This content is not included in your SAE MOBILUS subscription, or you are not logged in.
Lean Product Development. How to Create Flow? Reflection after a 4 Years Implementation in One Business Unit - Part 1
ISSN: 0148-7191, e-ISSN: 2688-3627
Published April 05, 2016 by SAE International in United States
Annotation ability available
During the 4 last years, Lean has been successfully implemented in one of the Tenneco’s Business Units: Ride Performance. This paper reflects on the results and more specifically on the third principle of Lean  “How to make flow” and on the fifth principle “To strive for perfection” obtained in the fields of “Product Development” related to Processes, Tools and People.
Processes and Hard Tools. How to improve the flow in the engineering processes?
It will be shown that
- In general standardized processes supported by some integrated tools and, more specifically
- Some workload leveling in testing, CAD Departments,
- Standardization in design processes, testing procedures and prototypes development processes and
- Standardization and availability of components and parts for prototype building
are key enablers to enhance flow in the Product Development.
Additionally the application of some Poka Yoke principles improves the Product Development quality and front loading of the development process ensures the efficient realization of an optimized product solution. The hard tools are defined as tools supporting the processes and the people in their daily business. A couple of examples illustrate how the tools are bolstering the engineering flow. An example shows how to speed up some processes such as testing, the CAD design or the building of prototypes by sharing resources globally, i.e. efficiently making parts or components available from one engineering center to other locations. The integration of several local databases into one global standardized database helps the end user to both identify the location where resources are available and use it.
Another example illustrates the process and the tools to analyze and benchmark the competitor products and technology trends. This tool employs standardized test procedures and report templates.
People. To increase the competences of the Product Development group the skills are properly identified and reviewed on a regular basis by the manager. Coaching, Mentoring, Knowledge Sharing and Lessons Learned are supported by the function leaders whose roles and responsibilities include continuously improving the standards of their specialty and sharing of it within the organization. The Change Agents, who propagate the continuous improvement spirit, work closely with the functional leaders to help to identify opportunities for improving and supporting the execution of work by using structured problem solving methods.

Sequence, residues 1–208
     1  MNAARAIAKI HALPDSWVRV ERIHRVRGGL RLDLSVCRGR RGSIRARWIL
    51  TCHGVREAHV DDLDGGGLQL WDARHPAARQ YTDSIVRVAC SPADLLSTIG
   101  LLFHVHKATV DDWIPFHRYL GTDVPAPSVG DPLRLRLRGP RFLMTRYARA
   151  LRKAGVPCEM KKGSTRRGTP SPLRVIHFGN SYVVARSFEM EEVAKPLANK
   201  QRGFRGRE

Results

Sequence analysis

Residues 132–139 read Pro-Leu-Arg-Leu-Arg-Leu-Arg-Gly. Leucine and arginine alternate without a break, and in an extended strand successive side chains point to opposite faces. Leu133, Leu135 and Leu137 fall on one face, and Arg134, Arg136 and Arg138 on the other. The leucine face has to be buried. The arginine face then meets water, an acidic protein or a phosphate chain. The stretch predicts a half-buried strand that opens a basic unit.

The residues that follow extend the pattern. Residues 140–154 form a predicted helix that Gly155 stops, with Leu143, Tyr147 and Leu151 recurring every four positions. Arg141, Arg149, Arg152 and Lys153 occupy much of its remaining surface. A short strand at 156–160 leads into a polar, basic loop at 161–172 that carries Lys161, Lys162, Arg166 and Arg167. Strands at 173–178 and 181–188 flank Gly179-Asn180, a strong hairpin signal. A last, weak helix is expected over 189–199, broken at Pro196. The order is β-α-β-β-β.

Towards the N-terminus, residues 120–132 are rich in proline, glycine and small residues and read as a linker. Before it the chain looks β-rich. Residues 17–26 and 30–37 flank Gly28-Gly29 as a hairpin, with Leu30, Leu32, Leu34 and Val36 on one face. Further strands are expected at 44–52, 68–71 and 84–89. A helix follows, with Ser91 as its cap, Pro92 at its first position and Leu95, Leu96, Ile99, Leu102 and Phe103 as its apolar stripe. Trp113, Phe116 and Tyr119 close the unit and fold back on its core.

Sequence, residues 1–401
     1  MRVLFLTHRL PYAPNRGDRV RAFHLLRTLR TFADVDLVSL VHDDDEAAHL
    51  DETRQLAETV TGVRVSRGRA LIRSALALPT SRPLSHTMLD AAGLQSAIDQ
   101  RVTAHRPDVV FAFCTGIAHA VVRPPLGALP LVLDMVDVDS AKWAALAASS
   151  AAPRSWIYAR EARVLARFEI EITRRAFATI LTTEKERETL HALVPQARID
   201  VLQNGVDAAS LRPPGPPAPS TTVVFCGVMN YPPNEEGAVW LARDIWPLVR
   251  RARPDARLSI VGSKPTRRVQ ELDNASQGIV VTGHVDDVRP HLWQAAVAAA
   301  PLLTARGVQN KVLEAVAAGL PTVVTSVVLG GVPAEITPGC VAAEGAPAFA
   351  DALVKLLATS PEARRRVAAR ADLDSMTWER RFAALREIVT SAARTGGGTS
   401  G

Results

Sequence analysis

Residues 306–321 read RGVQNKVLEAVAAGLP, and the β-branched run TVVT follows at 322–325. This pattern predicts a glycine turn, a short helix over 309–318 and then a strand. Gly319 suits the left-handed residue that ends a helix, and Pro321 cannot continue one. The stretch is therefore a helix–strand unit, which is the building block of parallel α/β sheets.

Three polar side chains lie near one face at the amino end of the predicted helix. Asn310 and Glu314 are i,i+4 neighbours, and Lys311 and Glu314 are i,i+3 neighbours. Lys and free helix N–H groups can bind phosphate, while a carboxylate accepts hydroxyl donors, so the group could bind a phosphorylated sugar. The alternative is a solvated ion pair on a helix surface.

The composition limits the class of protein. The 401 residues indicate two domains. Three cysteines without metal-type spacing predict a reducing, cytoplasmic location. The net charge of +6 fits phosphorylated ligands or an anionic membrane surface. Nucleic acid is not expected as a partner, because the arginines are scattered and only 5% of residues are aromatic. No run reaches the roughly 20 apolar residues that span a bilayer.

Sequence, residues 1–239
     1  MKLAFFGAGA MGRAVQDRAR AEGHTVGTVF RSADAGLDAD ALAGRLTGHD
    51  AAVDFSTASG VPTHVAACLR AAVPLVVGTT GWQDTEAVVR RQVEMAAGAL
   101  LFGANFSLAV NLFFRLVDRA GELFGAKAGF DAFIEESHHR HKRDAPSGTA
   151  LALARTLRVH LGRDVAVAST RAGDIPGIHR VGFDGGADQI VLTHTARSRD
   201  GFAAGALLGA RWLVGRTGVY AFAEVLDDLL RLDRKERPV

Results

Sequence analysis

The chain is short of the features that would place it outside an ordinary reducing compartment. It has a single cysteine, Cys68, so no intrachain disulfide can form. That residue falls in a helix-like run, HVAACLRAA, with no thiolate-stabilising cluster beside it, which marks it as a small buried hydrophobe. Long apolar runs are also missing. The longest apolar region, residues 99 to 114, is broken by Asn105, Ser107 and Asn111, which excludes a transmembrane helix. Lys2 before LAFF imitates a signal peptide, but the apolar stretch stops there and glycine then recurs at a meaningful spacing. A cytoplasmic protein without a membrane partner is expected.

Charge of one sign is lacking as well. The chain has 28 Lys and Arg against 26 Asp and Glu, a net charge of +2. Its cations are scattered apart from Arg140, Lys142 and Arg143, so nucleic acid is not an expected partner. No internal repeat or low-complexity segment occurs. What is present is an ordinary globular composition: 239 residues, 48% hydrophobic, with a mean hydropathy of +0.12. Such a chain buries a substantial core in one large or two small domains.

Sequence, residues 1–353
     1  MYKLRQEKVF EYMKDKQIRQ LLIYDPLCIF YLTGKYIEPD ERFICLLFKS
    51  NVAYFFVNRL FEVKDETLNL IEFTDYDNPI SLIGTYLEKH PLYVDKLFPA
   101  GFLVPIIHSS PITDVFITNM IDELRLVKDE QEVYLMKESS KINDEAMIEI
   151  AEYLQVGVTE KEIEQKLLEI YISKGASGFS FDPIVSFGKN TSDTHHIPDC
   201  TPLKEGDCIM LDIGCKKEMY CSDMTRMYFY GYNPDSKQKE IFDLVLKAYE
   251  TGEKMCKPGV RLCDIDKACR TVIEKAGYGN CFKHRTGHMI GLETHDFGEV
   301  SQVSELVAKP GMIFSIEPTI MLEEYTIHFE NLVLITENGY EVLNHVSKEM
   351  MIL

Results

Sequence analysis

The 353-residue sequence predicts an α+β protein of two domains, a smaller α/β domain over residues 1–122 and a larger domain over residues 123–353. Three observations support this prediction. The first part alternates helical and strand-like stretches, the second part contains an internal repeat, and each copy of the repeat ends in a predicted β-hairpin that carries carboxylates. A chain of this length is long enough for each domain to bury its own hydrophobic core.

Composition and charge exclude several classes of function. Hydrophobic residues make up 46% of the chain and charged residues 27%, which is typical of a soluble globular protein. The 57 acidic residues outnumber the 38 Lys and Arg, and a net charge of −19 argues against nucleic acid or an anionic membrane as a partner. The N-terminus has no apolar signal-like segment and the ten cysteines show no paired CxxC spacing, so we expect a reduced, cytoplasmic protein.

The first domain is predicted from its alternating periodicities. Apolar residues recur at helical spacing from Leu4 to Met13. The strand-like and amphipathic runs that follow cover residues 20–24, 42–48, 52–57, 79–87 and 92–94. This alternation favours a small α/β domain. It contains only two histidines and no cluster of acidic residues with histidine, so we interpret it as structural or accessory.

Soft Tools. The Soft tools  are defined as tools supporting
- Communication to drive alignment and commitment including the use of Visual Management.
- Problem Solving technics including PDCA and Continuous Improvement.
- Knowledge collection, Lessons Learned and Sharing
Visual Management is a powerful tool to share information, to create transparency, to align and finally gain clear commitment of the stakeholders. Some examples as Obeya room and Cockpit will be presented.
PDCA and problem solving are disciplined methods to identify, define, solve problems, driving a systematic behavior and thinking to continuously improve the current business.
Lessons learned and Knowledge Sharing processes are supported by some tools to select, approve and finally share the information to the right audience.
An efficient way to capture the lessons learned and the experience is to integrate design guidelines, generic DFMEA,DVP, BOM and Drawings into a tool which provides guidance and support the product design process. This tool is particularly efficient knowledge transfer method when bringing new engineers on board.
CitationGarcia, P., Radous, J., Krol, A., Bosek, J. et al., "Lean Product Development. How to Create Flow? Reflection after a 4 Years Implementation in One Business Unit - Part 1," SAE Technical Paper 2016-01-0346, 2016, https://doi.org/10.4271/2016-01-0346.
- Womack & Jones - Lean Thinking - Revised and Updated, 2003.
- Morgan James, Liker Jeffrey K.: „The Toyota Product Development System“, New York , 2006
- Garcia, P. and Paparelli, S., "Implementation of Lean Transactional in Tenneco's Ride Performance Europe Division - Review after Three Years of Implementation," SAE Technical Paper 2014-01-0769, 2014, doi:10.4271/2014-01-0769.
- Garcia, P., Younie, D., and Fornos, J., "Implementation of Lean Transactional at Tenneco Europe, Applications in Finance," SAE Technical Paper 2012-01-0517, 2012, doi:10.4271/2012-01-0517.
- Garcia P., PhD, Drogosz J., PhD, and Younie, D., "Implementation of Lean Transactional at Tenneco Europe," SAE Technical Paper 2011-01-1255, 2011, doi:10.4271/2011-01-1255.
- Garcia Patrick ; Enrique Orta: How to Spread the Lean Mindset in an Effective Way. Using Change Agents
- Garcia, P., Brand, J., and Drogosz, J., "Lean Engineering Center at Rybnik: Status After 2 Years - Part 2," SAE Technical Paper 2010-01-0678, 2010, doi:10.4271/2010-01-0678.
- Garcia, P. and Fries, W., "Implementation of Lean in Human Resources," SAE Technical Paper 2013-01-1332, 2013, doi:10.4271/2013-01-1332.
- Garcia, P. and Drogosz, J., "Lean Engineering - Best Practice in the Automotive Industry," SAE Technical Paper 2007-01-0532, 2007, doi:10.4271/2007-01-0532.
- Rother Mike : “Toyota Kata”, New York 2010
- Garcia, P., Radous, J., Krol, A., Bosek, J. et al., "Lean Product Development - How to create flow? Reflection after a 4 years Implementation in one Business Unit - Part 2," To be published in SAE 2017.